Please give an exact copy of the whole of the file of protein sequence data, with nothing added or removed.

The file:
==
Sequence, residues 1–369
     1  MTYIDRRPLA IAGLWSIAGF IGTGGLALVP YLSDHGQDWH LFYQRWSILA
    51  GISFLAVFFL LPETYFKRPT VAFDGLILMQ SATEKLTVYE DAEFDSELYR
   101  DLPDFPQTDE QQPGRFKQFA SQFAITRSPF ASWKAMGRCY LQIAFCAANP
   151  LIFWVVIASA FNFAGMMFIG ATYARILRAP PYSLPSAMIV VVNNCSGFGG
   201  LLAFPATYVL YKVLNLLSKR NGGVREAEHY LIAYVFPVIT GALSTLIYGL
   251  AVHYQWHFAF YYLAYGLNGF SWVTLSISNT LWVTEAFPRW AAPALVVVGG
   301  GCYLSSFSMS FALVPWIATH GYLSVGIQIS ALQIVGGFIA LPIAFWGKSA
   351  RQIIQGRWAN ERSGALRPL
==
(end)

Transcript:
Sequence, residues 1–369
     1  MTYIDRRPLA IAGLWSIAGF IGTGGLALVP YLSDHGQDWH LFYQRWSILA
    51  GISFLAVFFL LPETYFKRPT VAFDGLILMQ SATEKLTVYE DAEFDSELYR
   101  DLPDFPQTDE QQPGRFKQFA SQFAITRSPF ASWKAMGRCY LQIAFCAANP
   151  LIFWVVIASA FNFAGMMFIG ATYARILRAP PYSLPSAMIV VVNNCSGFGG
   201  LLAFPATYVL YKVLNLLSKR NGGVREAEHY LIAYVFPVIT GALSTLIYGL
   251  AVHYQWHFAF YYLAYGLNGF SWVTLSISNT LWVTEAFPRW AAPALVVVGG
   301  GCYLSSFSMS FALVPWIATH GYLSVGIQIS ALQIVGGFIA LPIAFWGKSA
   351  RQIIQGRWAN ERSGALRPL